XPoNential Music Festival-18

'The East Hundred' playing at the 2009 XPoNential Music Festival

Beyond Penn State and into the rest of the PA, Colin Hay, Hot Chip, Ben Folds, John Mayer, Ingrid Michaelson, David Grey, Freelance Whales, Yeasayer, Josh Ritter, Carolina Liar, Of Montreal…you get the picture…have/are all playing within a 3-hour drive of State College in the 5 months that I’m gone.  And there was almost literally nothing the entirety of last semester.  Owl City was a complete waste of time (we walked out).  Even The Mountain Goats, despite being my favorite band and having an amazing concert, had some not-so-pleasant memories to go along with the concert.

I will say, though, that I am not completely out of the loop here in Wellington.  I was able to see The Mountain Goats how they should be seen: from 6 feet away and in great company.  It was, by far, the best concert I’ve been to.  And coming up in early May, I have 4th-row tickets to see Regina Spektor.

And the end of July, I’m looking forward to the XPoNential Music Festival in Camden, NJ.  The lineup for this year has not been announced yet, but if it’s anything like last year, the $40 for 3 full days of music will be money well spent.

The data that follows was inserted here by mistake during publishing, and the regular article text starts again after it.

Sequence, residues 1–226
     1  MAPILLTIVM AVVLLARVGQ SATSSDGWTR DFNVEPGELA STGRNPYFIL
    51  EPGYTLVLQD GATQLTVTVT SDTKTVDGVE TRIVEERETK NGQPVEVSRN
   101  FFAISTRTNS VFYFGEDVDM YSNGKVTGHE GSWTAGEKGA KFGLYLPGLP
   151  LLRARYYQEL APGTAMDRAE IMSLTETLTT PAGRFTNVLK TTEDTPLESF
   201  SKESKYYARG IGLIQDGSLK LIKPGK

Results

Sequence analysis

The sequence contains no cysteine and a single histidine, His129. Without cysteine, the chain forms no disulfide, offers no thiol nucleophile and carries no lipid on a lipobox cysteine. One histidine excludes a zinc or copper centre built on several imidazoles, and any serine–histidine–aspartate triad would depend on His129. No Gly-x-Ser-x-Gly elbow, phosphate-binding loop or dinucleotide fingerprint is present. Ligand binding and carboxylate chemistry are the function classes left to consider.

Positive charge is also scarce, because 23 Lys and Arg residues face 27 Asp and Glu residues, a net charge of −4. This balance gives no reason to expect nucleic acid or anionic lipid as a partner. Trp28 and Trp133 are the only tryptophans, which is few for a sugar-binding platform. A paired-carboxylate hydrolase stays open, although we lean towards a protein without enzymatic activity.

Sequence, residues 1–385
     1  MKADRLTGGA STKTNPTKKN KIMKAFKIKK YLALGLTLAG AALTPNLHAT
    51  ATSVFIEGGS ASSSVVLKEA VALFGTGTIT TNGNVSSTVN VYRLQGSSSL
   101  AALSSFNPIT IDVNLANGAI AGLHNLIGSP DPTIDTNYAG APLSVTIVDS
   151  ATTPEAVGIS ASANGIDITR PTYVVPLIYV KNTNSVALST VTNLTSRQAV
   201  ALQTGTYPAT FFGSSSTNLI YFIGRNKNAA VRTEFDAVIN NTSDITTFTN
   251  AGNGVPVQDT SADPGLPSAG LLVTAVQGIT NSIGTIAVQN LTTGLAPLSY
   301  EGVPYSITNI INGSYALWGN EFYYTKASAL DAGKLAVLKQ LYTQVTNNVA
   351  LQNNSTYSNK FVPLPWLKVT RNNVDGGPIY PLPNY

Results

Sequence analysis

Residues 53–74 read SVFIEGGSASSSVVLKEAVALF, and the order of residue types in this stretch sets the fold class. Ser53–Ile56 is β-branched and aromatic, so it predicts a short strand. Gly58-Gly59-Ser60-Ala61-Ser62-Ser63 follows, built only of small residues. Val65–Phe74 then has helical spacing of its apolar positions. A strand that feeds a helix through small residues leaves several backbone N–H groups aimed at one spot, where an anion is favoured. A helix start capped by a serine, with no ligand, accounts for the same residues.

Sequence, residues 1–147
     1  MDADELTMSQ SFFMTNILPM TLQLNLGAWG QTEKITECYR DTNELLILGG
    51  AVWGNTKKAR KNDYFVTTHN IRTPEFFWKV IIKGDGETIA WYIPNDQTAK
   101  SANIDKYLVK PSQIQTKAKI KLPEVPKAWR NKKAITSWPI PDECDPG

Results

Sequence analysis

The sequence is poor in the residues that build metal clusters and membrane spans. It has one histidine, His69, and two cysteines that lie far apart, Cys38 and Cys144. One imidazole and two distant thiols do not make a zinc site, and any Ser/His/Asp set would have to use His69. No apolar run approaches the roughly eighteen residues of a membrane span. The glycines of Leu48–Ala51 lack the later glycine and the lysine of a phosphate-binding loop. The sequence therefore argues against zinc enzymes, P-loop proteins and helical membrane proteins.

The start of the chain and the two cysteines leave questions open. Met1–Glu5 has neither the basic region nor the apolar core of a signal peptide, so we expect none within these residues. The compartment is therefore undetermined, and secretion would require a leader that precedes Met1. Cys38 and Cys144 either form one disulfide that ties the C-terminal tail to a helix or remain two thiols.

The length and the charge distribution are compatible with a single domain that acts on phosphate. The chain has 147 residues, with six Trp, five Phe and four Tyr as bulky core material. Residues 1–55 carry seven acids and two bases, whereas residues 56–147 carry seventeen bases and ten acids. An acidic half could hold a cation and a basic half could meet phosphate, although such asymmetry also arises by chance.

I realize I’ve thrown a lot at you in this post, especially if you’ve never heard of most of the bands.  If you take anything from it, I would recommend checking out your local music scene.  Any of the bands I’ve mentioned would be great to see in concert, and would usually be relatively inexpensive as well.

ps: My favorite bands are The Mountain Goats and The Format.  Both have pretty unique sounds (especially in the voices) that can be a bit difficult to listen to the first time.  If you can get around that, I guarantee it’s worth it.